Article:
The Randell Cottage Writers Trust was established in 2002.  The restored Category II historic building, gifted to the Trust by the Price family, hosts two writers a year; one from New Zealand and the other from France. It is currently home to Christchurch writer James Norcliffe. The 2019 French resident, novelist and dramatist Karin Serres arrives in Wellington in late January 2019.

James Norcliffe at the National Library, 6 December 2018

James Norcliffe at the National Library, 6 December 2018

We finish the year with a presentation from our current resident, James Norcliffe, at the National Library on Thursday 6 December, from 12:10 to 1:00 pm.

James wears a number of writing hats. He is a children’s writer, poet, editor, teacher of creative writing and promoter of poetry in Christchurch. Apart from a collection of short stories set in China, The Chinese Interpreter, and a few other short stories, he has rarely written fiction for adults. Hie time in the Randell Cottage has given him the opportunity to write a novel for grown ups.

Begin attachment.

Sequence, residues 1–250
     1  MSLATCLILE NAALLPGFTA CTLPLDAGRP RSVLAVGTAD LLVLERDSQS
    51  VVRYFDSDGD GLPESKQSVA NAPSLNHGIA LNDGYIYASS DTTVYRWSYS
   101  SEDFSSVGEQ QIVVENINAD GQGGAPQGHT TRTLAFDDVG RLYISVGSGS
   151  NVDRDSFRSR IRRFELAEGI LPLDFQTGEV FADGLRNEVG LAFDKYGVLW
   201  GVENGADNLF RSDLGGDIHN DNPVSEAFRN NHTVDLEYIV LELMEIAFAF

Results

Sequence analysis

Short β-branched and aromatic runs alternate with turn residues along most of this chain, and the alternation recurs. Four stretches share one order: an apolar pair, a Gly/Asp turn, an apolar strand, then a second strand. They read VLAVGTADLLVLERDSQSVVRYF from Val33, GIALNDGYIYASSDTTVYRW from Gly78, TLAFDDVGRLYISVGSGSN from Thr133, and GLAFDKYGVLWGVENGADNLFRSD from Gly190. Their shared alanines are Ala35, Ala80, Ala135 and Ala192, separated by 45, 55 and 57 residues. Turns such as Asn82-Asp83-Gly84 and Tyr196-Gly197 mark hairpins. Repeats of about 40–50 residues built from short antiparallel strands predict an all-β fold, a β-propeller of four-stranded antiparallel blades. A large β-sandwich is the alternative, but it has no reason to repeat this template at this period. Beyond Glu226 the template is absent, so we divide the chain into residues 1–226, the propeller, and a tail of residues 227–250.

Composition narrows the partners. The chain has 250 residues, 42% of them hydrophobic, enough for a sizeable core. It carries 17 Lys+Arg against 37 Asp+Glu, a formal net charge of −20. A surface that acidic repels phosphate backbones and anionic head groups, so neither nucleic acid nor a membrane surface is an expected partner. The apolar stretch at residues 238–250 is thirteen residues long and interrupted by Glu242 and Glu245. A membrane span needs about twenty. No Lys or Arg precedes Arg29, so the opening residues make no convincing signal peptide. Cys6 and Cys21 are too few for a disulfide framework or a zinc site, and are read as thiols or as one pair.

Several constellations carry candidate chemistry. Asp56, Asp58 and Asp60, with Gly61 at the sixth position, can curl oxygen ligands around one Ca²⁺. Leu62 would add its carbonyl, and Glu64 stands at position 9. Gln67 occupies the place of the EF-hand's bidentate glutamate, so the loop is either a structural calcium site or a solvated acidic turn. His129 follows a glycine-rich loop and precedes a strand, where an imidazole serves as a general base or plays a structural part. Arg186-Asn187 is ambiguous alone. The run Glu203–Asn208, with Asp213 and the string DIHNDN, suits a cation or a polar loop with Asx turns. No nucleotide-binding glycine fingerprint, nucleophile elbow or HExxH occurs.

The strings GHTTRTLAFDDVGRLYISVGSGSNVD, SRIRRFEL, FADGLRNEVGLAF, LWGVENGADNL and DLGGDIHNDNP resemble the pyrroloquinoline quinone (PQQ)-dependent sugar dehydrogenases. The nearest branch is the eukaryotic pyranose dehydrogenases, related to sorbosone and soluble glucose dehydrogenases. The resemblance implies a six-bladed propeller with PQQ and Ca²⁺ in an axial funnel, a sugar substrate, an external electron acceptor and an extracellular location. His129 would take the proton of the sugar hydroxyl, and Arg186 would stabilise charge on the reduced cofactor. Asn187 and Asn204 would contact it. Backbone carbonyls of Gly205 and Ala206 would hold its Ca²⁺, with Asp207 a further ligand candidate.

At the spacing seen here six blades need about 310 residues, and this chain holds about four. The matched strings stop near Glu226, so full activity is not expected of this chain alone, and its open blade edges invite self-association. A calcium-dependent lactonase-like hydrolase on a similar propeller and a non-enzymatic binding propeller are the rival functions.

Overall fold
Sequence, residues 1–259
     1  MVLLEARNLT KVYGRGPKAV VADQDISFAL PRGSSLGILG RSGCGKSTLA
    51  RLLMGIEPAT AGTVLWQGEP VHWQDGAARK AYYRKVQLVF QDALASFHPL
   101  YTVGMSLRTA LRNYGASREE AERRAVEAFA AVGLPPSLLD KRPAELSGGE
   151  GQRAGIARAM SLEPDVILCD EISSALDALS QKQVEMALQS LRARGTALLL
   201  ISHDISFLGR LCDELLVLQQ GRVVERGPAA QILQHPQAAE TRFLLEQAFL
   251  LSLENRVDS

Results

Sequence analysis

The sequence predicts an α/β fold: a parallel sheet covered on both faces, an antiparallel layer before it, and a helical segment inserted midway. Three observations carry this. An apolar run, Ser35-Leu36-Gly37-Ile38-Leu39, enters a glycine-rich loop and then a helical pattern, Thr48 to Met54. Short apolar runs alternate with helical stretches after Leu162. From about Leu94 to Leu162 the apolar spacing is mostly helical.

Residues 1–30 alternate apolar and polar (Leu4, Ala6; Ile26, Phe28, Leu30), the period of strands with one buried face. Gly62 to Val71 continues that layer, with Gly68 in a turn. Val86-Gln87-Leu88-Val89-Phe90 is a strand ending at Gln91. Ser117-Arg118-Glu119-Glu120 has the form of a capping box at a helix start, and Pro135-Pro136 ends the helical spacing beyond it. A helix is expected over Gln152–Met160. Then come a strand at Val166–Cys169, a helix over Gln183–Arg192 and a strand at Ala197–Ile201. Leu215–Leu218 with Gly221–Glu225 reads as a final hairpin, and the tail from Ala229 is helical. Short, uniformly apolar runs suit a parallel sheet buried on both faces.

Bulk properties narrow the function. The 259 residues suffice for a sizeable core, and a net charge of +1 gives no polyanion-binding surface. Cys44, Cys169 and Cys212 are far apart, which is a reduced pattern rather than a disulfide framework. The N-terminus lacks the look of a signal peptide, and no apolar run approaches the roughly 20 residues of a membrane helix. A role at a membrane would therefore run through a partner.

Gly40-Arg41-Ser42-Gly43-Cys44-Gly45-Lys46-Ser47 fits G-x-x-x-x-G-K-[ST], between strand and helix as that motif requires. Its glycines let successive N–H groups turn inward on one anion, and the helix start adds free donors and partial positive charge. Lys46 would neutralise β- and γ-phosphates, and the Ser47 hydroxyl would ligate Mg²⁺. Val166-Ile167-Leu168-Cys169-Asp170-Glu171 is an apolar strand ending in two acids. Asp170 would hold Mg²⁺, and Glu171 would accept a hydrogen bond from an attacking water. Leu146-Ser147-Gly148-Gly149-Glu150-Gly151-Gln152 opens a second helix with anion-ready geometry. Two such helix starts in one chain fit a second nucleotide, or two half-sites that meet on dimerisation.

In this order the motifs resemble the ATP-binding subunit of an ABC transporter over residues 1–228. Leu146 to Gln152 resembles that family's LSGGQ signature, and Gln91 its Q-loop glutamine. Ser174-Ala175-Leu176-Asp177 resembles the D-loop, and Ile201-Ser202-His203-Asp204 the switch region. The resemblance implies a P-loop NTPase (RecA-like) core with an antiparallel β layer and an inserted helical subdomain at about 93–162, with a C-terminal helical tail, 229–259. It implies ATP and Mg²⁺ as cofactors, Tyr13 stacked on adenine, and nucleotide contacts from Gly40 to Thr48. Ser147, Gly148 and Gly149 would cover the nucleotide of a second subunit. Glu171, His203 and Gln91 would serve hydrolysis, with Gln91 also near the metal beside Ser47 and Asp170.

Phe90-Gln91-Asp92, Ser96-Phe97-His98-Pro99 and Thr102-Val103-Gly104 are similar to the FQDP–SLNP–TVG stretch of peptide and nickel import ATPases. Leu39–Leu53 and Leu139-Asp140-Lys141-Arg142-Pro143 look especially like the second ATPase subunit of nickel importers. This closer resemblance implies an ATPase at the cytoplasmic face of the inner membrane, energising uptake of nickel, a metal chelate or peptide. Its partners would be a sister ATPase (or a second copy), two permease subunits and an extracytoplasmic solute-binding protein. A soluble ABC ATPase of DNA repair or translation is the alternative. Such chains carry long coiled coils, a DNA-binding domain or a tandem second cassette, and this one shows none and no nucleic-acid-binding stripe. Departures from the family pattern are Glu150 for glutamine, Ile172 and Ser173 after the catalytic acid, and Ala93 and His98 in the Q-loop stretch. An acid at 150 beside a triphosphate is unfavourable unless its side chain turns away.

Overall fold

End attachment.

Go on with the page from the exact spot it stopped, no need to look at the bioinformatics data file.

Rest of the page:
His wide-ranging talk will include readings from recent published work and background on how the pieces came about and then – braving the superstition regarding talk of work in progress – he will discuss The Frog Prince, his current Randell Cottage project.

Time: 12:10 to 1:00pm
Date: 6 December
Venue: Programme Rooms, National Library, corner Molesworth and Aitken Street.

Admission: free, although koha is appreciated as a contribution to the maintenance of the historic Randell Cottage.

RSVP: info@www.randellcottage.co.nz